• No, there really are some people who live in celebate relationships. I think this is more common in the Catholic Church (possibly) and tends to be gay couples who later decided to follow Church teaching, so moved into separate bedrooms, but still see the non-sexual side of their relationship as a good thing. Not quite the same, but similar to married couples who later decide to throw the contraception out and have less sex (OK, maybe it’s quite different – but you see what I’m getting at in terms of people changing their mind). Or it’s quite common among those committed to life-long celibacy anyway (either Catholic or Anglo-Catholic) for the sake of serving the Church to develop a special relationship with another priest.

      The question is, why do we need to bless these relationships? Has ‘friendship’ really become such a shallow and meaningless relationship in our society (rather like acquaintances) that it no longer carrier any connotations of faithfulness, loyalty or sacrifice? Is it now too weak a word to use for these life-long bonds of love between people of the same sex?

      • CS Lewis has, I think, a useful metaphor in his “Four Loves” for “friendship love” (philos) vs “lovers” (eros): philos is a “back-to-back” relationship, facing out towards the rest of world, where more friends are always welcome, while “eros” involves two lovers face-to-face taken up with each other and where more is definitely less! Even the closest of friendships is not the same as an eros relationship. Eros vs. philos seems a much more practical (and biblical) discussion than “celibacy” (not a biblical term), which gets bogged down in hair splitting – is a peck on the cheek OK, but a smooch not? How close is too close?

        • Yes, I guess the test might be, are you prepared to let someone else move in and make it a nice three-some! (Oh dear, I can just see all the jokes heading this way …!)

      • I think these are very few. I’m afraid I’ve known too many who pretend. From a different point of view i disagree with that approach too – but I think we would both agree that it is profoundly dishonest to lie. And that cannot be positive or to be welcomed.
        I have a friend who spent a number of years in TFT. He was in a relationship all the time he was a member despite trying to convince himself he was going to be celibate. He later realised that almost everyone else was either doing the same or having casual sex.

    • Yes, Sarah1845, I’m strongly disposed to agree with you. The question that immediately sprang to my mind was “WTF4?”.

  3. I’m no expert on theology, the Bible, God and so many things so forgive me if I come across as naive.

    Isn’t the core of the issue that sex is an act intended by God to be between a man and a woman in marriage? So sex is out and celibacy is in for everyone who isn’t in a heterosexual marriage, right? It doesn’t matter whether the person is single, divorced, widowed, heterosexual, homosexual, bisexual or whatever other category you can think of, for such groups God’s will is celibacy. I’m not saying it’s easy to be celibate, far from it in today’s sexualised culture. When I was single I would have loved to have been able to have had sex but knew not only that God didn’t want that but that it would have created baggage I’d have to carry into a marriage if I ever was to get married.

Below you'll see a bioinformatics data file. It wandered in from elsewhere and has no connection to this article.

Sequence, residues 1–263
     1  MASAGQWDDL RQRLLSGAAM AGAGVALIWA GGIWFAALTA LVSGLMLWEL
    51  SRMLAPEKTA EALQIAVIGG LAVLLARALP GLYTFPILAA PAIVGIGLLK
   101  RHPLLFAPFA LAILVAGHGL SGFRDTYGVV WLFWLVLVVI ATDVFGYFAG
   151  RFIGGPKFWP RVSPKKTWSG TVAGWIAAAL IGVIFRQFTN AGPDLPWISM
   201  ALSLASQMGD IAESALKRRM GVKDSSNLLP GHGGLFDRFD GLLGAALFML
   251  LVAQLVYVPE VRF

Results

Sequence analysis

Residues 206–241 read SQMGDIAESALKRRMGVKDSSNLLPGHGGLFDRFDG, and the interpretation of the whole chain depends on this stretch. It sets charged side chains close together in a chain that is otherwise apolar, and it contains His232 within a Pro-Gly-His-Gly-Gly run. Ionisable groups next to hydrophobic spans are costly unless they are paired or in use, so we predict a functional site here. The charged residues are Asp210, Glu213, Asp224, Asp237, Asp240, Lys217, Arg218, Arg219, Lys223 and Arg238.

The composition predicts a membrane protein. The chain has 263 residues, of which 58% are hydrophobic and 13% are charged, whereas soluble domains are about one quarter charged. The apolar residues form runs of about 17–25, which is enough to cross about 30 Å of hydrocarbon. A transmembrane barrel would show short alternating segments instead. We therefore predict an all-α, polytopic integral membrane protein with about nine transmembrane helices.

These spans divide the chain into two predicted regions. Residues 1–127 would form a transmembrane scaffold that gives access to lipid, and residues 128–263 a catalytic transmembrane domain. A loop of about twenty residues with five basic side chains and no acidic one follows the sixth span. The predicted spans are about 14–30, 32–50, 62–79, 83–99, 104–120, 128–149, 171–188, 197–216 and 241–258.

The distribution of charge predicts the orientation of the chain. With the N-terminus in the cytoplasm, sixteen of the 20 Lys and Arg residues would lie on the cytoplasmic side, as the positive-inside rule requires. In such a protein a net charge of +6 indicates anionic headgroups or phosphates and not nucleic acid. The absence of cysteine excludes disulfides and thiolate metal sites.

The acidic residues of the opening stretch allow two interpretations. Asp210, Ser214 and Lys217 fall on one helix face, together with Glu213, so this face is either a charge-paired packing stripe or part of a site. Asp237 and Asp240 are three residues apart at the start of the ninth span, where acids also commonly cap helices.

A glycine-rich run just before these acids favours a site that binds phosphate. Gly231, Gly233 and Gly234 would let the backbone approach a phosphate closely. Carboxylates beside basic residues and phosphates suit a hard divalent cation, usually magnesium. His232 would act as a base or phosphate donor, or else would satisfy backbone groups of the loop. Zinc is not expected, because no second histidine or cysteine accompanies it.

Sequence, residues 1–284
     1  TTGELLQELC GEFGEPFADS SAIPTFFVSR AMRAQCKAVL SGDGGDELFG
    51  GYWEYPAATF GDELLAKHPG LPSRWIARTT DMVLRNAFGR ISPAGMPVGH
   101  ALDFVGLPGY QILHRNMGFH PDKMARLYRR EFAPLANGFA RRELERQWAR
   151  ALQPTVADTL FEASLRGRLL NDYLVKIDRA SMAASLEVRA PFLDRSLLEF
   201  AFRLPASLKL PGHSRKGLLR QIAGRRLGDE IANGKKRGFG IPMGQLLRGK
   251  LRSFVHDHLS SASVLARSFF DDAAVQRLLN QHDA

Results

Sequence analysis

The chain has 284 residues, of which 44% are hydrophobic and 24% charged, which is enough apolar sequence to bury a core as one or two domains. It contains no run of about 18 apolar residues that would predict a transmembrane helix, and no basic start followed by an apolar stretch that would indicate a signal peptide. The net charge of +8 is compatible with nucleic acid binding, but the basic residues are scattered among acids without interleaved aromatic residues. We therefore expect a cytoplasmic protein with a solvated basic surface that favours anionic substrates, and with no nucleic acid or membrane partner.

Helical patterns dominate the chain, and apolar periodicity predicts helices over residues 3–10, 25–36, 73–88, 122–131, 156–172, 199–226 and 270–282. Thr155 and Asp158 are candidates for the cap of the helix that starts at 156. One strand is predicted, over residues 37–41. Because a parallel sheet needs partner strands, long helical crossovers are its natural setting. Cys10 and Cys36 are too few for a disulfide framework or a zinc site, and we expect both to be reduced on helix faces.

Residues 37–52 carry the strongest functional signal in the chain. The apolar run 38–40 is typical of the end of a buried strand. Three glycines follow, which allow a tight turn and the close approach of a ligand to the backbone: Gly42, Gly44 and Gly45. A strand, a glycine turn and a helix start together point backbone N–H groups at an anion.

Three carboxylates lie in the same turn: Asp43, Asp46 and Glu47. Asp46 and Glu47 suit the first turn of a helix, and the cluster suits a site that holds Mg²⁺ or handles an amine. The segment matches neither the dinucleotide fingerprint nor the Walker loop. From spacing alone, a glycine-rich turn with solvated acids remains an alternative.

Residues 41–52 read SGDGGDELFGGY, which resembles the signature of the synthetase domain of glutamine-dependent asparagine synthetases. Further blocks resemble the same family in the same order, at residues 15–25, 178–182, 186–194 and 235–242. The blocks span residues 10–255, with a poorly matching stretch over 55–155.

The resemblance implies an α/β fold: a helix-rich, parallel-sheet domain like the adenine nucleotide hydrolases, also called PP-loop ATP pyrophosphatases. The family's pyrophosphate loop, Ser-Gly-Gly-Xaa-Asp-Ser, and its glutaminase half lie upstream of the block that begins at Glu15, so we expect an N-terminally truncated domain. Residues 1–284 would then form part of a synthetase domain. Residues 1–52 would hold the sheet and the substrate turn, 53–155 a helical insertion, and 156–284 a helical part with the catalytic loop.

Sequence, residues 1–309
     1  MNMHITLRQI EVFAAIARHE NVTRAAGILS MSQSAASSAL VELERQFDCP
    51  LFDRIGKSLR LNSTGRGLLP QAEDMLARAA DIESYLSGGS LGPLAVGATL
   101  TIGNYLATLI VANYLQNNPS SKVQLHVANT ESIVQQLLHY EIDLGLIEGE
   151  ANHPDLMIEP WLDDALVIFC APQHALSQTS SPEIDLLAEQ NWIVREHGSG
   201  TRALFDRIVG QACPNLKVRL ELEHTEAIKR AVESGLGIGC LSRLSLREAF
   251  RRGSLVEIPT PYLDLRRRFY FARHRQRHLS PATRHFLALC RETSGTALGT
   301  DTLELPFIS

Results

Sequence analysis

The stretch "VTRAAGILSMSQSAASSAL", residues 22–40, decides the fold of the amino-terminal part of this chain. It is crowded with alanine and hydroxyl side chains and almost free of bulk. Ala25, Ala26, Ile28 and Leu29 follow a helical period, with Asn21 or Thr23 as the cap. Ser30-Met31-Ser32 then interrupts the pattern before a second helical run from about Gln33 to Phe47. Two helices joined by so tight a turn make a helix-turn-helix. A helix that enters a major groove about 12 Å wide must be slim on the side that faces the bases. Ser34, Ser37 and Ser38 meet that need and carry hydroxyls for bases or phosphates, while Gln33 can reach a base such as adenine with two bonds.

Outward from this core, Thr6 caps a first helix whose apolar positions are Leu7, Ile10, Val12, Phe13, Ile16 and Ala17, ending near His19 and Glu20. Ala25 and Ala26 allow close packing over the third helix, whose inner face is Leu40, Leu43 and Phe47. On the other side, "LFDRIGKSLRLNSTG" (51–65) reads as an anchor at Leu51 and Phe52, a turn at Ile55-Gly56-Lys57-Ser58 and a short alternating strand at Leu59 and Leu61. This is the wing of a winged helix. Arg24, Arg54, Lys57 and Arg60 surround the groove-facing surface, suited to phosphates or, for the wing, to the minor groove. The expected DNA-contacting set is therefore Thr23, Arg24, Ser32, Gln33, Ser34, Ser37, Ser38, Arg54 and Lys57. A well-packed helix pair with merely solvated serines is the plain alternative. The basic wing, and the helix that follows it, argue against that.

But God doesn’t say anything about not loving certain groups. Just as God’s grace and love isn’t selective and is available to everyone so we are called to act likewise.

    If an individual or couple makes a commitment before God to be celibate should we not honour and trust them in making that vow? If they break that vow isn’t it God that should and will judge them, not us? This isn’t something that is tied to one form of sexual orientation, there have been too many cases of breaking this vow by celibate priests as we know. Likewise, there have also been too many couples who have broken their vows of being faithful to each other and not having sex outside of their marriage. We are called to forgive and love them just as we are for any individual or couple that breaks their vows.

    Not judging isn’t easy and I’m not suggesting we shouldn’t be clear about God’s will about sex, we absolutely should, studies and statistics have proven Him right time and time again (don’t ask me for sources!).

    I am wrestling with this issue and will continue to do so for some time! Not blessing a celibate relationship, whatever the sexual orientation of the couple, doesn’t feel right, it feels like we would be rebelling against God. Likewise blessing a sexually active relationship outside of a marriage of a man and a woman also feels like we would be rebelling against God.

    Love and trust is what I’m left with after all this!

    Like I said, I’m no expert. I’m just a person trying to honour God in all I do and am.

    • What you’ve said is lovely in many ways, but I do worry about two things: 1. If an intentionally celibate couple who love each other are living together, then isn’t that putting themselves in a position of being particularly and constantly tempted. 2. In today’s society people who don’t know about the vow of celibacy (or who simply think the couple must be lying) will assume a sexual relationship. We are told to avoid all appearance of evil and the position of celibate couples comes perilously close to ignoring that wisdom. Any thoughts??

      • I agree with you on both points and am wrestling with those very dilemas. For celibate couples temptation will be ever present and it would be hard not to succumb to it, and you’re right it would probably be viewed cynically and with doubt by many, if not most, people. As Paul said in his letters to the Corinthians (1 Corinthians 7), it is better to stay single if people can. Still we are called to love and extend grace to everyone, whilst also standing firm and true to God’s commands to keep sex to between a man and woman in marriage. Hopefully if the world sees more of the love and grace being applied they will respect those believing in traditional forms of marriage.

  4. I have very great doubts as to whether there are many entirely celibate couples. Unless the couples are really platonic friends with no sexual attraction to start with.